Michael H. Ebner: The Downsizing of the Chicago Tribune--And What It Means





[Michael H. Ebner is the James D. Vail III Professor of American History Emeritus at Lake Forest College in north suburban Chicago. He has published op-ed essays and book reviews in the Chicago Sun-Times, Chicago Tribune, and Philadelphia Inquirer. The Chicago Tribune also included him on its all-star Team of college professors.]

As I contemplate the downsizing of the Chicago Tribune -- some 80 editional positions eliminated thus far this month -- it brings to mind how my grandfather – Herman Metsky – introduced me to newspapers. What I vividly recall is that repeatedly, circa 1950, he sought to instruct me on the wiles of Colonel McCormick, the iconic publisher of the Tribune who anointed it as "The World’s Greatest Newspaper." My grandfather always invoked a comparable epithet to tarnish him: " . . . the most dangerous man in America." I cannot recall anything more about my grandfather’s political sensibilities. What I do recollect is that we regularly dissected the unfolding of baseball seasons, much of our fodder furnished by newspaper sportswriters and columnists. But as I came to understand more about Robert R. McCormick, I now surmise that Herman Metsky aligned himself with the likes of Franklin Delano Ro osevelt and Harry S Truman. Colonel McCormick vilified them both and they returned the sentiment. Remember the image of Truman – beaming – as he held aloft a Tribune bearing the premature banner headline "Dewey Defeats Truman."

Yet Herman Metsky and Colonel McCormick each shared a passion for virtues of the daily, big-city newspaper. Both devoted their entire working lives to the industry. While the Colonel presided over the Chicago Tribune, Herman Metsky sold newspapers one-by-one on the streets of Newark, New Jersey. I think his career began – age ten or so -- at the moment he immigrated to the United States from Czarist Russia in 1905. Pulling himself up one or two rungs on the ladder of American mobility, he began as a street vendor of newspapers and never left his calling. Later he rented a green shed at a busy retail corner and ultimately he operated a modest shop in an aspiring middle-class neighborhood. Every time I encountered my grandfather at that shop he plied me with two or three different newspapers. I found myself enthralled, at a rather tender age, reading them avidly. And I never abandoned the daily habit.

Neither Colonel McCormick nor Herman Metsky, one an industrialist and the other a street-level retail vendor, would find even an iota of comfort in what is about to happen to the Chicago Tribune. Having lived more than half of my life in the place labeled Chicagoland by Colonel McCormick, I have grown to esteem the newspaper upon which he lavished so much passion. While routinely I do not concur with its editorials, here and there I discover momentary convergence with a specific opinion. Rather it is the acuity of the reporting and criticism that I relish most of all as a reader of the Tribune. Day after day I contemplate the distinctive journalistic voices of its reporters, columnists, and critics whom I have learned to value for their keen insights on any number of topics I rue the impending fate of the Chicago Tribune. The analytic side of me comprehends the plight of the Tribune Company. It is burdened by diminished revenues, caused by sharply descending trend lines in circulation as well as advertising plus rising production expenses. Nor can the new ownership dilute its investment -- itself encumbered by a cash-starved financial package -- in the face of the twenty-first century realities of a vastly transformed mass-media industry. But emotionally I recognize that all of the rhetoric about transforming newspapers will yield a gloomy scenario for loyal, longtime readers. Despite assertions from the new owner, corporate executives, and editors, a reduction in physical scale and staff will not magically evolve into an improved twenty-first century daily newspaper.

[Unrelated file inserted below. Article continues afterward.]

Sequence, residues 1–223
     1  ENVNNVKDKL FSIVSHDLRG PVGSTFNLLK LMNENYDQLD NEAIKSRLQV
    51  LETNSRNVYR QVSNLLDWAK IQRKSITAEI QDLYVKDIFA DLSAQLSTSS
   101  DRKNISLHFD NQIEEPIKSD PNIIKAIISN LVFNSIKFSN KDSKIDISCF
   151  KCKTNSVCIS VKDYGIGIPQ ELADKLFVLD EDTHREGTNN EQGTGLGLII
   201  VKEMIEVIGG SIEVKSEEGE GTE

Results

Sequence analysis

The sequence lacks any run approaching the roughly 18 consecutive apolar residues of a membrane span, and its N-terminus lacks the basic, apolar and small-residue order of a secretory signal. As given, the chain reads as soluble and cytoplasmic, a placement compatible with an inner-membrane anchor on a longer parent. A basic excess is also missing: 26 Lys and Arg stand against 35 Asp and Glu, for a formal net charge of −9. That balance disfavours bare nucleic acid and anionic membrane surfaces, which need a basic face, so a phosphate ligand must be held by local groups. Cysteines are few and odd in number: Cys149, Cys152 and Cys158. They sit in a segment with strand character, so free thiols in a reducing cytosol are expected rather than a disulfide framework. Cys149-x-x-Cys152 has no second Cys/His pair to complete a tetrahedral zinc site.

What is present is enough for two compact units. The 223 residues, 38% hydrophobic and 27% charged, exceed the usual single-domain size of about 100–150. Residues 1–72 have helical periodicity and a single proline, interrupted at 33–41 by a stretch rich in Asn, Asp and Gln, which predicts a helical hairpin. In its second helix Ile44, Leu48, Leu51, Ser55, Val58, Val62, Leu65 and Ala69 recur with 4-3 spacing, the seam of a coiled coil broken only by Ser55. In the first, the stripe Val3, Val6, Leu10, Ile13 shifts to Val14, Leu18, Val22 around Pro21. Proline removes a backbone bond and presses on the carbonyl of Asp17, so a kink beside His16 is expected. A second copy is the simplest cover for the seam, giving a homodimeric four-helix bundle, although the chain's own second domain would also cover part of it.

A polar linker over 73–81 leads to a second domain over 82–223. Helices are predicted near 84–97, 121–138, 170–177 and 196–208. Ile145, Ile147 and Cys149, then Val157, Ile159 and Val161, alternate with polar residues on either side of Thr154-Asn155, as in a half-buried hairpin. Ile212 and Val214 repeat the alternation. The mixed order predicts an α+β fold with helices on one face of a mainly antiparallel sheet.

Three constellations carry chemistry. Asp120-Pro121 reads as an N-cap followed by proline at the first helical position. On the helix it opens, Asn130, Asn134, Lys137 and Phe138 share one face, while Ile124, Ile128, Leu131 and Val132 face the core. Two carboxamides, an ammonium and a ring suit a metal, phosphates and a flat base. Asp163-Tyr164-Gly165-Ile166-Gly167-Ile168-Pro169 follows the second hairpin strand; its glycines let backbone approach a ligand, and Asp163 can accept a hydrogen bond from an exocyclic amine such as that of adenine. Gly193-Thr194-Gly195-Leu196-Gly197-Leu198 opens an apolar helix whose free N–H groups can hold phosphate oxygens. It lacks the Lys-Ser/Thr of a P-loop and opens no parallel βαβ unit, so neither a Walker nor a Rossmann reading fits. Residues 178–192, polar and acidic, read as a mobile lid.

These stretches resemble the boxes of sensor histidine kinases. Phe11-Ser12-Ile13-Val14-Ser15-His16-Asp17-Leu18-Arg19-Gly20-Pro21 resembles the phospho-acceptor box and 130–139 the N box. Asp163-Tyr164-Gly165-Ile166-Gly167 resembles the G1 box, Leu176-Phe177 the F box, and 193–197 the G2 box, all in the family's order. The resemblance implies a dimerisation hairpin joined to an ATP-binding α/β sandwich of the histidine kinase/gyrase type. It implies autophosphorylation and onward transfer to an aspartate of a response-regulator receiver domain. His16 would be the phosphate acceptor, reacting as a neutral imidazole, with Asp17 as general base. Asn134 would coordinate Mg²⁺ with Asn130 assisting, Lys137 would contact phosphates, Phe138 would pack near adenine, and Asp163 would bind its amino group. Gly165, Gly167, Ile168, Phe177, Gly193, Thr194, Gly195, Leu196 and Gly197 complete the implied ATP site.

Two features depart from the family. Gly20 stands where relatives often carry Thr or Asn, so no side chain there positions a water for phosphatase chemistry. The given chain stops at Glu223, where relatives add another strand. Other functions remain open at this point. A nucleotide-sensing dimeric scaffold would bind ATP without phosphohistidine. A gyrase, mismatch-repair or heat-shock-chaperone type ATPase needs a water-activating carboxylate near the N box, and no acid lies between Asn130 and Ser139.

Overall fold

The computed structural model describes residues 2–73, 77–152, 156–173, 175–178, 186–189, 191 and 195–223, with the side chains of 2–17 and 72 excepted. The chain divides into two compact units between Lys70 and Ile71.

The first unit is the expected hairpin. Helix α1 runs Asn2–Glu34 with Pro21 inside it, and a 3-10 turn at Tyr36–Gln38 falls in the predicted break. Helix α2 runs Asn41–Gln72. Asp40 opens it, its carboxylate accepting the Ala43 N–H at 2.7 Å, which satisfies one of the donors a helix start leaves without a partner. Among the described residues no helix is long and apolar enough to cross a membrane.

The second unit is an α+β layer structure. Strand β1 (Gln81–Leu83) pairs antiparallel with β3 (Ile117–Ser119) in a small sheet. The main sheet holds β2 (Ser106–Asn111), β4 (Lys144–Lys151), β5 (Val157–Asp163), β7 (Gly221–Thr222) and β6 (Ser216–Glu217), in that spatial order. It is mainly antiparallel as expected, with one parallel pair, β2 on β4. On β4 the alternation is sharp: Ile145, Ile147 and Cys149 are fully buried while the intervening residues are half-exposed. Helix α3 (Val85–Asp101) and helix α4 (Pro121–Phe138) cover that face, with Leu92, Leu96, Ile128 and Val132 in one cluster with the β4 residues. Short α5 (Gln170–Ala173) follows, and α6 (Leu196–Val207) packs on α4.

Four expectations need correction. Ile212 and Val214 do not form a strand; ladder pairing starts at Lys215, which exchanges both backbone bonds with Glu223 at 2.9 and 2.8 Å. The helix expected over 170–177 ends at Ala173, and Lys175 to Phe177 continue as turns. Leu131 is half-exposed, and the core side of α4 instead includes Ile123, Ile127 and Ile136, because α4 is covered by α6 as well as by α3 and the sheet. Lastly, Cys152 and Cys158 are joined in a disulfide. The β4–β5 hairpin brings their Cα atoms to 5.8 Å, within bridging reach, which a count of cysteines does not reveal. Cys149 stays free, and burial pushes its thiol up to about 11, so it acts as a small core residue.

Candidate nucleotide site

The community of Chicago Tribune readers is experiencing the ebb tide of the illustrious print era in American journalism. The origins of this occurred just prior to 1900, a consequence of technological innovations in the production of daily editions. Readers first became aware of such advances during the Spanish-American War in the spring of 1898. Its hallmarks included: flashes of late-breaking dispatches with occasional extras; the introduction of discrete news sections (e.g., business, sports); higher standards of reporting; and more and more reliance upon action photographs. Alas, at the beginning of the twenty-first century readers find themselves amid the dimming -- if not extinction -- of this luminous journalistic heritage.

Herman Metsky and Robert R. McCormick, each a dedicated twentieth-century newspaper man who thought he understood something about the cultural authority of the press, surely would be dismayed to behold what now seems unstoppable. Understandably the root causes – notably the skyrocketing ascent of the World Wide Web – would seem entirely incomprehensible if viewed thru their eyes. But I suspect that my grandfather no less than the Colonel would comprehend why many, many readers of the Chicago Tribune soon will find a reason to grieve



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